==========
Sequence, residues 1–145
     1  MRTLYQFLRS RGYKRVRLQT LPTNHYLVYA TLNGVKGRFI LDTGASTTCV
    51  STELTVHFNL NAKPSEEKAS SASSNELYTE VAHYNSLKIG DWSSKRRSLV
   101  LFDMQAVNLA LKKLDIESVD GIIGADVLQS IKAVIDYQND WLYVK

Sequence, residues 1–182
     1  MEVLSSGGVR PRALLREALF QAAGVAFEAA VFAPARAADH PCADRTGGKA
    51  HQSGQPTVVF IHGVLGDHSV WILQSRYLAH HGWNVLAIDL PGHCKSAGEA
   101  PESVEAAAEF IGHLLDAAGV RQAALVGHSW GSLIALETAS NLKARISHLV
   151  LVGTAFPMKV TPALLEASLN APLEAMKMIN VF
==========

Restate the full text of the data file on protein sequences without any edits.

Sequence, residues 1–145
     1  MRTLYQFLRS RGYKRVRLQT LPTNHYLVYA TLNGVKGRFI LDTGASTTCV
    51  STELTVHFNL NAKPSEEKAS SASSNELYTE VAHYNSLKIG DWSSKRRSLV
   101  LFDMQAVNLA LKKLDIESVD GIIGADVLQS IKAVIDYQND WLYVK

Sequence, residues 1–182
     1  MEVLSSGGVR PRALLREALF QAAGVAFEAA VFAPARAADH PCADRTGGKA
    51  HQSGQPTVVF IHGVLGDHSV WILQSRYLAH HGWNVLAIDL PGHCKSAGEA
   101  PESVEAAAEF IGHLLDAAGV RQAALVGHSW GSLIALETAS NLKARISHLV
   151  LVGTAFPMKV TPALLEASLN APLEAMKMIN VF